In effect the Planning Committee reversed a decision taken a couple of months ago when the Chair had to use his casting vote to determine the issue.

This prompted threats of a Judicial review of the process.

The applicants now have a right of appeal against the latest decision, so it is likely to be several months before the fate of the building is finally clear.

Carlton Tavern – planning rerun recommendations published

Officials are recommending that permission be given for the Carlton Tavern pub to be demolished and replaced with a care home.

A planning committee meeting taking place on 13th December will vote again on the issue following threats of a legal challenge to a decision to approve the proposal taken at its October meeting.

At that time the committee chair had to use his casting vote to determine the application.

The officer report now clarifies their interpretation of national and European guidance.

Over 150 objections to the plan have been recorded.

Carlton Tavern – re-run of planning meeting expected on 13th December

It looks like there will be a re-run of the debate and vote on the future of the Carlton Tavern. The Planning Committee (on the casting vote of the Chairman) agreed last month that the pub be demolished to make way for an elderly care home.

Various sources on social media are now claiming that the Council will look again at the proposal following threats of a Judicial Review by a national amenity society.

Council officials have, apparently, agreed to further clarify the planning advice that they gave the committee.

Quite whether this will make any difference remains to be seen. It is at least a possibility that different Councillors may attend the meeting making it possible that a different conclusion will be reached.

We will see.

It seems that the Council is caught between a rock and a hard place.

Carlton Tavern to be demolished Council prepares to oppose development plans for former Sugar Works on Boroughbridge Road

Planning committee Councillors voted last night to approve a proposal to demolish the Carlton Tavern and replace it with an elderly care facility.  Ironically the decision was taken on the casting vote of a Chairman who would not have been in that position had he not been arbitrarily removed from his Executive post in September by the Council Leader.  With a different Chair, the decision might have gone the other way, although the applicants would no doubt feel that they would have had a good chance of winning the inevitable subsequent appeal.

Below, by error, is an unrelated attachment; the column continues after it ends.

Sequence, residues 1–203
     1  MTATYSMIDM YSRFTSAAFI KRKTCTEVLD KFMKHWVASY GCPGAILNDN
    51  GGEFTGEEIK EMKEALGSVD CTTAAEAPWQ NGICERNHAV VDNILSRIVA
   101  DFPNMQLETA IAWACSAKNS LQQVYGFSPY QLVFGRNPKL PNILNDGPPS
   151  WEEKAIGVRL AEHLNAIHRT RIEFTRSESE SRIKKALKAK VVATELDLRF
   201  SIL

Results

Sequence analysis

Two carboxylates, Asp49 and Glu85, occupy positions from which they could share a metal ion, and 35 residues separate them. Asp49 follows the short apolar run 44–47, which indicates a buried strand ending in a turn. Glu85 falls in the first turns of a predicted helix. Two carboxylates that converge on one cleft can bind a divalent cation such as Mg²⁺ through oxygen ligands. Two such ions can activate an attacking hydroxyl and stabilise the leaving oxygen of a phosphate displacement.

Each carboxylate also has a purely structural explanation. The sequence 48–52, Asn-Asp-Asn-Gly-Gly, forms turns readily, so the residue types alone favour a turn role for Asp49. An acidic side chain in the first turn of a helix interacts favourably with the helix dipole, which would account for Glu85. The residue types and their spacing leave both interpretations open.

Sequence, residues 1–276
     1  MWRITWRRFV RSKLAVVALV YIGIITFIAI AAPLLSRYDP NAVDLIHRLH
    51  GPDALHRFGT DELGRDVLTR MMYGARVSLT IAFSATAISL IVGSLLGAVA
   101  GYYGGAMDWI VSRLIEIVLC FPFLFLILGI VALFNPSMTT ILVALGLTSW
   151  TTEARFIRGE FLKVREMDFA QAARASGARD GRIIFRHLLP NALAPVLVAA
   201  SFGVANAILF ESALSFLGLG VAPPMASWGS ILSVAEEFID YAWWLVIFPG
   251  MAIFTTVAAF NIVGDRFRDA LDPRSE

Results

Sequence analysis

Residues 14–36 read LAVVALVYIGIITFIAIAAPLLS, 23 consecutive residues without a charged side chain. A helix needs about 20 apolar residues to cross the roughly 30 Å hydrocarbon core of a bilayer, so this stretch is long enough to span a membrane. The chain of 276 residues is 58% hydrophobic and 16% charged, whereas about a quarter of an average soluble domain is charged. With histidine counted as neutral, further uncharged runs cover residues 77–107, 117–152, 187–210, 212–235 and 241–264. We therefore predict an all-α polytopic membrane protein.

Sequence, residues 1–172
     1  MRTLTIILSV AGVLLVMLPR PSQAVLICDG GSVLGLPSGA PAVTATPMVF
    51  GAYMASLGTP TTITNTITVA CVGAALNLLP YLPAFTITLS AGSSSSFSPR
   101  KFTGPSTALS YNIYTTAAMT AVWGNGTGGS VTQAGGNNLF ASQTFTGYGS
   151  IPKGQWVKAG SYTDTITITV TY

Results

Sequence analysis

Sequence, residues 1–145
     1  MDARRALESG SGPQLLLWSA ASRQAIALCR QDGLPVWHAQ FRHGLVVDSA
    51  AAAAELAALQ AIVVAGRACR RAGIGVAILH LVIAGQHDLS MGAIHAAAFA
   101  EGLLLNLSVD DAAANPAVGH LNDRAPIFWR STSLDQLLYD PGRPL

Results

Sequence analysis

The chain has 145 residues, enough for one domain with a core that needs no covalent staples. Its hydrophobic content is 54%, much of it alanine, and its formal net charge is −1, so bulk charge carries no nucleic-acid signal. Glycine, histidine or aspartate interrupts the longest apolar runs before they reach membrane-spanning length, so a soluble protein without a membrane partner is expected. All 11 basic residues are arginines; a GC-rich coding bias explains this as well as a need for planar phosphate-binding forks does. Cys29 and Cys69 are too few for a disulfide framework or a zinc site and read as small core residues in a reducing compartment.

Next up, in an important series of planning decisions pending on the Acomb side of the City, is consideration of plans for the Sugar Works and former Manor school site on Boroughbridge Road.

The Council has dithered for over 3 years in getting this, apparently ideal, brown field housing site off the drawing board. The owners finally lost patience and have appealed to the Secretary of State to intervene on grounds of “non-determination” by the York Council. The planning application was first submitted in 2014.

Consultation had started in 2013

Bizarrely the Planning committee must now formally say whether they would have approved the application had it been presented to them.

They are being asked to consider “the development of the site comprising up to 1,100 residential units, community uses (D1/D2) and new public open space with details of access (to include new access points at Millfield Lane and Boroughbridge Road and a new link road, crossing the Former Manor School Site) and demolition of the Former Manor School buildings”

Officials are recommending that the proposal be opposed.

They list many deficiencies in the plan while acknowledging that the site was slated for housing development in the Draft Local Plan tabled in 2011 (by the then LibDem led Council), by the Labour Council in their 2014 Draft Local Plan and again by the new Coalition administration last year.

The main reasons for refusing the application are listed as:

  • Inadequate financial contributions toward pre-school, primary school, secondary school funding and off-site sports provision
  • The absence of any affordable housing

There has been a lot of talk recently about allocating the former Manor School playing field as a public park. In 2012 the then Labour controlled Council identified the need for a more central area of public open space as part of a “community hub” on the site.

Over 9 ha is identified in the current proposals for this purpose (In addition an “off site” new cricket pitch will be provided).

In 2013 the Council sold the former Manor School site, including the playing fields, to ABF – the current planning applicants. The sale was not conditional.

At the very least, the planning meeting should determine whether centralised or peripheral open space is the desired way forward for this development.

NB Proposals to develop the Lowfields playing fields will go before the Planning committee in January.